Finally, as you begin to clear the financial clutter, you may have various accounts and people who have changed since the last time you organized. That’s why this is a great time to record all your critical information in one central location. We like to call this your critical records organizer. If you already have your information in one organizer, maybe your information is outdated or professionals have changed. Use this spring cleaning time to review the information and make updates. If you have never organized your important information, you should include all your current account numbers, access information and professional contacts. You might like to keep this information in hard copy or choose a mobile app (such as 1Password) or cloud-based document service (such as Dropbox). Creating a central location of this information is not only useful for you each year, it might become critical for your family. You might have account information and professionals in your life that you interact with, but the rest of your family may not know how to contact. Once you update and organize your critical information, remember to let the important people in your family know where they can find this information for the future.

Spring cleaning your finances doesn’t have to be an exhausting process. By keeping important account statements in one place, tossing recurring documents, and shredding unnecessary or outdated personal paperwork, you can clear the document clutter in your life. Consolidating multiple accounts that have lingered over time, will bring you fresh confidence and control over your nest egg, and updating your information in a central location keeps you protected for the future.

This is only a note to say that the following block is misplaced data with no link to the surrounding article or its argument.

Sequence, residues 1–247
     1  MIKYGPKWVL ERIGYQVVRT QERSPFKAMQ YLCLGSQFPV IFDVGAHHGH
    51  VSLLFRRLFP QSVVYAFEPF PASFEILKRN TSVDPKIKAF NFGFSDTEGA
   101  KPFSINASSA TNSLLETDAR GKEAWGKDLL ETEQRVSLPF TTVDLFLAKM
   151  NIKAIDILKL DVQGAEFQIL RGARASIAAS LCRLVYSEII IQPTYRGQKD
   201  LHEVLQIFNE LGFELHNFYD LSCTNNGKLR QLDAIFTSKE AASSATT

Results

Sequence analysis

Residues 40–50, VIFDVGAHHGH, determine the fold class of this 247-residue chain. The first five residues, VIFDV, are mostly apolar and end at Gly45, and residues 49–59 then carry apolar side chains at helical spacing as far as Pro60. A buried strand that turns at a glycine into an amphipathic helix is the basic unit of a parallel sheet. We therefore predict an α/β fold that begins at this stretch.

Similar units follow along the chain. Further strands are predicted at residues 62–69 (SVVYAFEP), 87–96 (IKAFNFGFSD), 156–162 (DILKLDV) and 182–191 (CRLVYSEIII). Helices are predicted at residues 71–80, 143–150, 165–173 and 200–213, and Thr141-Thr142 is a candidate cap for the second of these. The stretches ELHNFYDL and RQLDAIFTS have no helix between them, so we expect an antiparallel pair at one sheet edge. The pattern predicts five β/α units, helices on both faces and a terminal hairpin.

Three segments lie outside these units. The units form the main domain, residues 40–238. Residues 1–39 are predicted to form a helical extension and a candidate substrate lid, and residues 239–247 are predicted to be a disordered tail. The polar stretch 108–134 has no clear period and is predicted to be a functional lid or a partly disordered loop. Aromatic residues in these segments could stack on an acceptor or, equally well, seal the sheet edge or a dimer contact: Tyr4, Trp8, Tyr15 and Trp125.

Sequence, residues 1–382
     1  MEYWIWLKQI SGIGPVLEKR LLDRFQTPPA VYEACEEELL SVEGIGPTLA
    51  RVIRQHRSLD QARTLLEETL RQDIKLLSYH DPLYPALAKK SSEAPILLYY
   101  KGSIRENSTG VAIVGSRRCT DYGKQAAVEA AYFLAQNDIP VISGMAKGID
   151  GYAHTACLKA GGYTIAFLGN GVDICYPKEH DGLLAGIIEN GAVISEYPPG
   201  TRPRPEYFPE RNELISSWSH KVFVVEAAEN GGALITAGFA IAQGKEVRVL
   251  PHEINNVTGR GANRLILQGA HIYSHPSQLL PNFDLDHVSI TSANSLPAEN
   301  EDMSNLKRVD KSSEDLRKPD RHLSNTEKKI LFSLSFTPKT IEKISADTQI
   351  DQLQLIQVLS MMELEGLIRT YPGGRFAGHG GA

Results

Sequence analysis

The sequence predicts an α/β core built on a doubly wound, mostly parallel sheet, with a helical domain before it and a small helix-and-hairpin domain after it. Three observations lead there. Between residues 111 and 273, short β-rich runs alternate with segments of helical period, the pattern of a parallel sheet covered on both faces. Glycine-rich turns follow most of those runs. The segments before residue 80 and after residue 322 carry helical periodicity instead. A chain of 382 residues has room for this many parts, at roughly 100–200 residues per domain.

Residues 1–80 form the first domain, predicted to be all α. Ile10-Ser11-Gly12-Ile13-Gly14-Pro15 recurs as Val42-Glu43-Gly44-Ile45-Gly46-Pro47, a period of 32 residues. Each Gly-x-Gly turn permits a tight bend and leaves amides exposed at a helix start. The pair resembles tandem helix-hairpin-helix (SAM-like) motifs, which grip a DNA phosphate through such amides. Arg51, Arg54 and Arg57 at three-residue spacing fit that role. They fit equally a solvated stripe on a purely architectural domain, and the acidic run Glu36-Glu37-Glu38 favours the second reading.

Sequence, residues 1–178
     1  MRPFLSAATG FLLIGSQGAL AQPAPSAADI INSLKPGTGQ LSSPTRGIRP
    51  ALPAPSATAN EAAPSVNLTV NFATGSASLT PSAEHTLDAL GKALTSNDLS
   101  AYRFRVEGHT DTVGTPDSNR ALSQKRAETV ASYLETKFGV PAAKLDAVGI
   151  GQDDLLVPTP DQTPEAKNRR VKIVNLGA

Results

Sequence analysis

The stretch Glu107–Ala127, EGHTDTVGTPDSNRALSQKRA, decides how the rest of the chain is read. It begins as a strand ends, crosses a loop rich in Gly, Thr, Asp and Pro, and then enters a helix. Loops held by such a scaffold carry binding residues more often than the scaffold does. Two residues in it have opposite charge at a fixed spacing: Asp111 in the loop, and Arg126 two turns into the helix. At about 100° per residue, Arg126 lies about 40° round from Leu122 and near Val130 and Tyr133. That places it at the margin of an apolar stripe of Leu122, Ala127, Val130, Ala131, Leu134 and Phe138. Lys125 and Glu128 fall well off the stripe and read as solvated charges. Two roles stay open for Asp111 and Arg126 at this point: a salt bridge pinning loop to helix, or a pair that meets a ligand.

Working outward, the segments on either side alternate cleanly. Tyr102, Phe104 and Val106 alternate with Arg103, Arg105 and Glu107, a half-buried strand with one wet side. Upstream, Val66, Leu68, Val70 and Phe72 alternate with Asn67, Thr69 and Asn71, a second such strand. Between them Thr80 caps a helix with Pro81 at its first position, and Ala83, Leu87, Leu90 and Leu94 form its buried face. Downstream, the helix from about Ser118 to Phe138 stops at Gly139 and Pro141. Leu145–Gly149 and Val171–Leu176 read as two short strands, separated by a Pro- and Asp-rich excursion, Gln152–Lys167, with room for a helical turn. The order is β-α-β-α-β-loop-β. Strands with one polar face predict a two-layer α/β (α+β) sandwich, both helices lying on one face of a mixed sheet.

Six Steps to Raising Financially Responsible Teens

In today’s money-driven society, teens are constantly bombarded by magazines, television ads, and peer pressure which make them feel less than ideal if they do not wear the latest clothing style and drive a “cool” car. Briefly visit your local mall and you will observe multitudes of young people who shop as if credit cards have no maximum spending limit. With all this push for extravagance, is it even possible to raise your teens with money sense and save them from making serious financial mistakes?